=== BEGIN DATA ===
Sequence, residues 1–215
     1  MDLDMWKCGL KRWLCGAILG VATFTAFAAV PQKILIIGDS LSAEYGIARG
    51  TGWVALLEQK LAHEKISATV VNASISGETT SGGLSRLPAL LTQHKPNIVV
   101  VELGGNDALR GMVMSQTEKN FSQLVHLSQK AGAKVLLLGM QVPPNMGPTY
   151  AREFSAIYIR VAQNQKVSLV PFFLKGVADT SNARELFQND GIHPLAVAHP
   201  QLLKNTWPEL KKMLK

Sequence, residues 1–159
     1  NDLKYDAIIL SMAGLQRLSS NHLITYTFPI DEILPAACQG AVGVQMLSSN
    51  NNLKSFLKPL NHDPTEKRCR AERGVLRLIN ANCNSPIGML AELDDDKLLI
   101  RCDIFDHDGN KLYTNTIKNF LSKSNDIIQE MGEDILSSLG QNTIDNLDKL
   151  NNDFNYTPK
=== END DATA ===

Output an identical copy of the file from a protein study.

Sequence, residues 1–215
     1  MDLDMWKCGL KRWLCGAILG VATFTAFAAV PQKILIIGDS LSAEYGIARG
    51  TGWVALLEQK LAHEKISATV VNASISGETT SGGLSRLPAL LTQHKPNIVV
   101  VELGGNDALR GMVMSQTEKN FSQLVHLSQK AGAKVLLLGM QVPPNMGPTY
   151  AREFSAIYIR VAQNQKVSLV PFFLKGVADT SNARELFQND GIHPLAVAHP
   201  QLLKNTWPEL KKMLK

Sequence, residues 1–159
     1  NDLKYDAIIL SMAGLQRLSS NHLITYTFPI DEILPAACQG AVGVQMLSSN
    51  NNLKSFLKPL NHDPTEKRCR AERGVLRLIN ANCNSPIGML AELDDDKLLI
   101  RCDIFDHDGN KLYTNTIKNF LSKSNDIIQE MGEDILSSLG QNTIDNLDKL
   151  NNDFNYTPK